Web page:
The archery season had already begun in Ohio when I acquired permission to hunt a total of about 20 acres. My first outing was an afternoon hunt that I expected to produce more results from a scouting perspective than a hunting perspective. The property had an area of large pine trees with some very thick cover to one side. There were open woods with some large, very dense thickets in the back of the property. A brushy fencerow with a few trees separated the area of pines from a large field to the other side. Farmland bordered the other side of the woods to the rear. I found an area that appeared to have a fair amount of deer traffic, and I picked that spot to put up my ladder stand.
The first morning in the stand brought four does within bow range, but I had already decided, since there was very little — if any — hunting pressure, that I was going to hold out in hopes of taking a nice buck. A few days later, on an evening hunt, I watched a small 6-point and a couple of does feeding in the field to my right. On a morning hunt a week or so later, I saw a buck working his way around the edge of the field through the brush and into a big thicket. Even though I didn’t get a good look at his rack, as the cover was too thick, he appeared to have a decent set of antlers. Several hunts went by with sightings of does and the smaller buck I had seen previously.
In early November, on a morning hunt, I got a good look at the buck I had seen around the edge of the field as he passed through the area at about 50 yards from my stand. He carried a very nice 8-point frame with long tines, a wide spread and pretty good mass, too. Unfortunately, he passed through, never getting close enough for a shot. It did not take much thought for me to decide he was the one I wanted.
A few days later, just before dark, I was watching a couple of does feeding and grazing in the field when the little 6-point showed up to keep them company. The three deer were soon joined by a smaller buck, which I had not seen before. The two bucks started to play around with each other, sparring back and forth. I thought for sure the sound of those two sparring bucks would bring the big 8-point out to have a look, but he never showed.
Not wanting to spook the deer, I remained in my stand until well after dark. Finally, all of the deer decided to move on. They passed right by my stand and left the area.
As the Ohio gun season arrived, I decided to continue my pursuit of the big 8-point with my crossbow since the landowners did not allow any gun hunting. A few opportunities at does and one of the smaller bucks presented themselves, but I had no chances at the big 8-point. Hearing a few shots on surrounding properties during the weeklong season made me start to think my chances at the big 8-point might have evaporated.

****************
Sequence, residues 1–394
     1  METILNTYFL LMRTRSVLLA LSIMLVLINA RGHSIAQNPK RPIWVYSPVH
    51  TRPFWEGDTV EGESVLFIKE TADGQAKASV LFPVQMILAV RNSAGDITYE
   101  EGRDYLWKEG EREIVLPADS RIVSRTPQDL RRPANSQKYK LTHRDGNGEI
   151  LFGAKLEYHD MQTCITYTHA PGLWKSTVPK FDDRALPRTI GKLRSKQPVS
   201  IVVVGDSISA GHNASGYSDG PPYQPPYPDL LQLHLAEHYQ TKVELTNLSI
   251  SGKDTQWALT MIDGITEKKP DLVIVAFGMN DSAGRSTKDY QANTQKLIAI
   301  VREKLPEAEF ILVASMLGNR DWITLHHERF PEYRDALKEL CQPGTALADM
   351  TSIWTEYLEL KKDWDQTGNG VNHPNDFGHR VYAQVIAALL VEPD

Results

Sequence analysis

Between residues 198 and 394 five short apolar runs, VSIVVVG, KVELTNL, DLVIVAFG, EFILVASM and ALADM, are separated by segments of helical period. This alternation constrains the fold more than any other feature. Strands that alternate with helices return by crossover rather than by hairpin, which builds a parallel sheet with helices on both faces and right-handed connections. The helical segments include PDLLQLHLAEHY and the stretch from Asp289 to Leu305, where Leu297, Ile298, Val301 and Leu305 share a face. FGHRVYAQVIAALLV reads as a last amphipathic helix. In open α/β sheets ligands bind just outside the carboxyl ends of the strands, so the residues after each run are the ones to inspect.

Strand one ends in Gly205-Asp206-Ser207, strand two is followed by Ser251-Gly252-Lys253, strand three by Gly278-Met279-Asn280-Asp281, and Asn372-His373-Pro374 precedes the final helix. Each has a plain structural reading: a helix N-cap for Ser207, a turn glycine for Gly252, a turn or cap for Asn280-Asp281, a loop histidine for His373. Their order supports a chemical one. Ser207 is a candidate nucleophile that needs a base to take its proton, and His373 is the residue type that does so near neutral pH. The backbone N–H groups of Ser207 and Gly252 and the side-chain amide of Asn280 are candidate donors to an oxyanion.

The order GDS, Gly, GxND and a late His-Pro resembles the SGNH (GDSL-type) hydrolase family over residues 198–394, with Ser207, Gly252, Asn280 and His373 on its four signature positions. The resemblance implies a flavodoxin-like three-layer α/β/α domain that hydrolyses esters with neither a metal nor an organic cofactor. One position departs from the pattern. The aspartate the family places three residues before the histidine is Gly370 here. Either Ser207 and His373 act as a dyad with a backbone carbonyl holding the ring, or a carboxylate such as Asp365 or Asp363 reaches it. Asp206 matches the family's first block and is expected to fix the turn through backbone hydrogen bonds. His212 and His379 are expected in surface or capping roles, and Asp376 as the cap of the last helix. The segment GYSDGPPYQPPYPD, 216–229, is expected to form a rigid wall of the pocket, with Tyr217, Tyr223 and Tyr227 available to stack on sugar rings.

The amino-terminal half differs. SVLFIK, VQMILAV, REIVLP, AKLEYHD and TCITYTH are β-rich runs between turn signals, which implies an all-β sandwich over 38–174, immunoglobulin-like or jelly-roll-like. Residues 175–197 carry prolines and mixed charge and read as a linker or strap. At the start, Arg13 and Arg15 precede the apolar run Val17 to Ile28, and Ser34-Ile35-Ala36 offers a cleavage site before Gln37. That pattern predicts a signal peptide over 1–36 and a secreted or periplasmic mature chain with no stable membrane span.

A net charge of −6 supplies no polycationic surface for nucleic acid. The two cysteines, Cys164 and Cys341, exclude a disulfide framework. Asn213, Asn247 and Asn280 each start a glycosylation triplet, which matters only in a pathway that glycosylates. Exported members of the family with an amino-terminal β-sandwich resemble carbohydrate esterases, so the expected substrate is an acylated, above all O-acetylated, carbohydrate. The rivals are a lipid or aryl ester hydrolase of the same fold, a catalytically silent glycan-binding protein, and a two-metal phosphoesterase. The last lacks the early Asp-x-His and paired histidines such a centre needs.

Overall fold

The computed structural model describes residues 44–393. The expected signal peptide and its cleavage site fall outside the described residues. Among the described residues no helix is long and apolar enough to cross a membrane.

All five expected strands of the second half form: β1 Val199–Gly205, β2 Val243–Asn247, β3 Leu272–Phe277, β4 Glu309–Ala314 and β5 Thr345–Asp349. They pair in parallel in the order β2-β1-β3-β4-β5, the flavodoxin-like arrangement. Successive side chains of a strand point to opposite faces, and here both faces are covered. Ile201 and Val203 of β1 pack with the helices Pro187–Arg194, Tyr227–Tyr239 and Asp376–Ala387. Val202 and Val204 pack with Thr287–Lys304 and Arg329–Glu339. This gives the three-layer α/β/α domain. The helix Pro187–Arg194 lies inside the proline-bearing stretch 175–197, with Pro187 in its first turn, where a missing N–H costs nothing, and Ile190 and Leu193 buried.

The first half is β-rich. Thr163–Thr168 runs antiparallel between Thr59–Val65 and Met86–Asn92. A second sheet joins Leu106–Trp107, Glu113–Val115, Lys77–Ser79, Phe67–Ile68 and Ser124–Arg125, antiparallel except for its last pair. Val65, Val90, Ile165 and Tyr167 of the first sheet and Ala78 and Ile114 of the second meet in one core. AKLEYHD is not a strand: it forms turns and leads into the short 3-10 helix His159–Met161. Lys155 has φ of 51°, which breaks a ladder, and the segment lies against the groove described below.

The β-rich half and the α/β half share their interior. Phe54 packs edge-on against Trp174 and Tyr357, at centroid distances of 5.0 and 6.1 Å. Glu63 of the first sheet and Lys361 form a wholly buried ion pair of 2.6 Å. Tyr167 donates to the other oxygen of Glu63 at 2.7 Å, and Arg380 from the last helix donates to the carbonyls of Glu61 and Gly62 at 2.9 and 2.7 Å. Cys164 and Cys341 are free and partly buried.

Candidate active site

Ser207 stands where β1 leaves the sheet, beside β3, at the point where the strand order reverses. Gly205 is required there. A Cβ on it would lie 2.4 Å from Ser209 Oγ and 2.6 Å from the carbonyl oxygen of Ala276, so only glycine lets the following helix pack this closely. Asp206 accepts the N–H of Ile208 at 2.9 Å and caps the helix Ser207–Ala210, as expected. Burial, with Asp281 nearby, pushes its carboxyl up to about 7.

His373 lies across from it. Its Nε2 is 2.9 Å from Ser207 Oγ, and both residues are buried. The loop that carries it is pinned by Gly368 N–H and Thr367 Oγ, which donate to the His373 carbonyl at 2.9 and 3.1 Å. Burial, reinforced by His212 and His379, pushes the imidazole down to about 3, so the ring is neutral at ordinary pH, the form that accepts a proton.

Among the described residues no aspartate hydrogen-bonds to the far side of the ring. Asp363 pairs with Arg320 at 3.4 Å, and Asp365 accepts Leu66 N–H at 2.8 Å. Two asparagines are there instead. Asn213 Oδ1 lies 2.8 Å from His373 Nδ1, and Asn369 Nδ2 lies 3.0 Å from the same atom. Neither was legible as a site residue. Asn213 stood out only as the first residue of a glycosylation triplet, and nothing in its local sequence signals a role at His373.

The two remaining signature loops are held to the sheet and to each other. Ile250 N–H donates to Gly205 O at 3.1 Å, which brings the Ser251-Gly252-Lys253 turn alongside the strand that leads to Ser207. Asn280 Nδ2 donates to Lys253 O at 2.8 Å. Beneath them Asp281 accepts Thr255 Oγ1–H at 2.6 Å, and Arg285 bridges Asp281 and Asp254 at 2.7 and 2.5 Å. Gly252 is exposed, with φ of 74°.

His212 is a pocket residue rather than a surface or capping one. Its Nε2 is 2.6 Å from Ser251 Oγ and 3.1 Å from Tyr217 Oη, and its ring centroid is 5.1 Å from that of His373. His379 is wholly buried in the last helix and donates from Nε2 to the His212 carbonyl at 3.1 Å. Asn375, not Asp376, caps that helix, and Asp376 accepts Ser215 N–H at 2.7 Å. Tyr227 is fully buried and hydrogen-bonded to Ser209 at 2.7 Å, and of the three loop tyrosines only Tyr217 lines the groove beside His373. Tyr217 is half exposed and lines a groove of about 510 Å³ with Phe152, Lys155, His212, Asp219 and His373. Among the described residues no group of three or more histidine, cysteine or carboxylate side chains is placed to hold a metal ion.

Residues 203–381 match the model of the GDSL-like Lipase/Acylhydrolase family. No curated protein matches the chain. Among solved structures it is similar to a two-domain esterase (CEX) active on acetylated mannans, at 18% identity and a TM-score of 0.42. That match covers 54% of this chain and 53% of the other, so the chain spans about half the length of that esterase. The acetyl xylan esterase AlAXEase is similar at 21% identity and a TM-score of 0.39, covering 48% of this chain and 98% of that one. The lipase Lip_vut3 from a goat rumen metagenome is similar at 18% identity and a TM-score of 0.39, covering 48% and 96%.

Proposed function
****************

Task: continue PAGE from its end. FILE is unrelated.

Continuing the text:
One evening, just before Christmas, I found out that “my 8-point” made it through the gun season. He entered the area where I was sitting, but not wanting to step out of the cover to present a shot, I watched him again as he worked his way out of sight.
With only a month of deer season left after the holidays, I continued the hunt for the big buck.
There is one word that describes January bowhunting in northeast Ohio — cold! Usually there is quite a bit of snow, too. Any bowhunter who has hunted the late season in the Great Lakes area of the country knows that it takes serious devotion and a true love of the sport to endure the kind of weather Mother Nature can throw at you at that time of year.
With temperatures in the single digits, some mornings the thought of taking a doe for some fresh tenderloin was starting to sound good, but I kept alive my hopes for a chance at the big buck.
On the morning of Jan. 5, 2010, I thought my shot was going to present itself as the big 8-point stepped out and headed my way. At about 40 yards, he stopped and looked back as the small 6-point appeared and made his way toward me on the same path. As he reached the bigger buck, he changed his path and passed by my stand just out of range, with the big 8-point following behind him. Once again, I watched the big buck disappear out of sight.
I returned that evening for a hunt, and hoped to see the buck moving again. Not long after climbing into the stand, three does passed through the area within range, but I chose not to shoot, hoping the big buck might show himself again.
On the way home that evening, I couldn’t stop thinking about how cold I had been that evening and how good some fresh tenderloin would have tasted.
The next morning was quiet. A few hours in the stand with no deer movement, cold temperatures and an empty stomach sent me home to get a bite to eat and warm up a bit.
On the afternoon of Jan. 6, 2010, I climbed into my stand about 2 p.m. and got ready for the evening. A little time passed when the big 8-point appeared and made his way toward me on the same path as the previous morning, except this time he continued straight toward me. Passing directly under my stand, he never offered me anything except a shot straight down through his back. Hesitating to take that type of a shot, again I watched him as he disappeared out of sight.